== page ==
Excerpt from Soldiers of the Nation: Military Service and Modern Puerto Rico, 1868-1952
Americanizing the New Colony
[Part of Introduction to Chapter 2: Puerto Rican a la Americana: A Hearts and Minds Campaign, 1898-1914]
As discussed above, Puerto Rico, like the other territories acquired during the war, was not to be incorporated into the United States, but that did not mean that the population and the territory itself should not be molded into something more “American.” In this regard on February 16, 1899, President McKinley accepted the “burden of the Philippines, to safeguard the happiness of their inhabitants,” and later included the other territories, as he proclaimed a campaign of “benevolent assimilation.”53 The United States would rule the new territories, and in exchange it would civilize and modernize the natives. From socioeconomic structures to individuals, the U.S. colonial administration attempted to reshape the new territories in the image of the continental United States.54 The new project of nation-building would seek to Americanize but not to include the natives as part of the American nation. U.S. colonial policies of assimilation seemed aimed at creating satellite nations orbiting the U.S. mainland.
In 1898, most Puerto Ricans were Catholic, spoke Spanish, and had deep cultural differences with mainstream Americans, who were perceived as being English-speaking, Anglo-Saxon, And Protestant. They were well on their way to developing strong national identities mostly due to the exclusionary policies followed by the Spanish colonial authorities after the Lares revolt of 1868. It has been noted that the development of strong national identities occurs in opposition to a more discernible Other.55 In the aftermath of the war of 1898, the U.S. soldiers on the island and the subsequent colonial administrators presented the Puerto Ricans with a different Other. However, the Americans were soon gone and replaced by local troops. The new metropolis did not send English-speaking settlers to displace the natives as it had been the case during the westward expansion. The new colonial bureaucracy was indeed small and dependent on local elites.56 The U.S. officials did not pose a socioeconomic challenge to the local elites as the peninsulares once did to the criollos.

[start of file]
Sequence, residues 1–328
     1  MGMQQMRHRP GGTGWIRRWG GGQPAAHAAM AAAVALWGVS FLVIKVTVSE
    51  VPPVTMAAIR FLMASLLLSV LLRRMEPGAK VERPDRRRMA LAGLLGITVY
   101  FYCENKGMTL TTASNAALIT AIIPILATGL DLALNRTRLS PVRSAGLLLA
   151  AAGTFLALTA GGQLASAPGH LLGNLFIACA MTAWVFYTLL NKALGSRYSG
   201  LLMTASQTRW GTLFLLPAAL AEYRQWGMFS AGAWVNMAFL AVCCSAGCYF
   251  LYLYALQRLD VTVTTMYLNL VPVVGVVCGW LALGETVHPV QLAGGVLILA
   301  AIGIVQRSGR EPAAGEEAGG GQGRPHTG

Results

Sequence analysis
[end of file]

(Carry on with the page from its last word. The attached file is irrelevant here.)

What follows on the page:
There were cultural differences between the new metropolis and the natives. The United States tried to overcome them with material superiority, which allowed the new metropolis to project cultural superiority.57 U.S. economic resources enabled it to embark on infrastructure projects, to launch health and relief campaigns, and to create a public education system where the Puerto Rican youth could be Americanized. Moreover, political enfranchisement became a reality for previously marginalized groups, and the criollo elite actively participated in the political institutions. More important, perhaps, is that the military remobilization of the Puerto Ricans began during the first months of the American occupation. All this served to create a sense of inclusion as opposed to Spanish policies of exclusion and displacement.